SMU's campus is comprised of many architecturally significant buildings organized among a beautifully landscaped setting which, over time, has successfully achieved an ageless style. It's Collegiate Georgian architectural style provides both a harmonious and traditional environment with unsurpassed beauty. It was Thomas Jefferson's design for the University of Virginia with architectural elements inspired by the Roman Pantheon that established President Robert Hyer's vision for the campus.
A Brief History of SMU by Marshall Terry contains the following essay about the first SMU President's choices:
The SMU story has to do with the growth of this original prairie college into a nationally recognized university in so short a time through the efforts of dedicated people who in one way or another shared SMU's vision. The one who brought this vision of a great university to be built on a sea of Johnson grass outside a young, still-frontier city in Texas was a research scientist and educator and SMU's founding president, Dr. Robert Stewart Hyer. Such was the scope of his belief in the future of this new university that he (as the story goes) chose for it the colors of Harvard and Yale and the Latin motto "veritas liberabit vos" - "the truth will make you free" - a Biblical quote that was echoed by Methodist leader Charles Wesley in his saying, "Let us unite those two so long divided, truth and vital piety.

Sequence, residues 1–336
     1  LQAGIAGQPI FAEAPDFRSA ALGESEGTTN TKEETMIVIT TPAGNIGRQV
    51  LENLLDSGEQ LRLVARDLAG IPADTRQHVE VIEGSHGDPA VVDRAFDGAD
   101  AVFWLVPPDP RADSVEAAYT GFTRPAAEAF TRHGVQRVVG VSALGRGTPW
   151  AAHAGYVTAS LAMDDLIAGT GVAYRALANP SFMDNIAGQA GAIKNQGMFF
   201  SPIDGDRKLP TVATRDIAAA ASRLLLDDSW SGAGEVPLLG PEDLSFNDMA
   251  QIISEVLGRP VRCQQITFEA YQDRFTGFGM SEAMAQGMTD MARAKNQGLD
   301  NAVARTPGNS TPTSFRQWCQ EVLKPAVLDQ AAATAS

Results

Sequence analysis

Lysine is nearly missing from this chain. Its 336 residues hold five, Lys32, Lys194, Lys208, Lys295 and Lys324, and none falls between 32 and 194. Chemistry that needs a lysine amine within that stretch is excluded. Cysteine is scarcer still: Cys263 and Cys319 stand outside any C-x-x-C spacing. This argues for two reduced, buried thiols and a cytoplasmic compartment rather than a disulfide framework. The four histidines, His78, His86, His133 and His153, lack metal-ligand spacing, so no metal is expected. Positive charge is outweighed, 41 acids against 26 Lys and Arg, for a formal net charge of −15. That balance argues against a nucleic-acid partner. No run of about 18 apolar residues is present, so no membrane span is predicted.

Dr. Hyer also conceived a magnificent building in the style, no less, of Thomas Jefferson's University of Virginia to be the original home and forever the symbol of SMU. For a while, after the miracle of it being actually built, it would sit almost alone on the prairie campus and house the whole new university. Recognizing the early very real financial commitment of the city of Dallas to SMU, it would be named Dallas Hall.
Today, visitors to the SMU campus will appreciate the continuing respect for Dr. Hyer's original campus vision with dozens of beautiful Collegiate Georgian buildings honoring his original choice. The stately red brick Collegiate Georgian buildings - with their gracious proportions, porticoes, and soaring cupolas - look forward to the second century at SMU.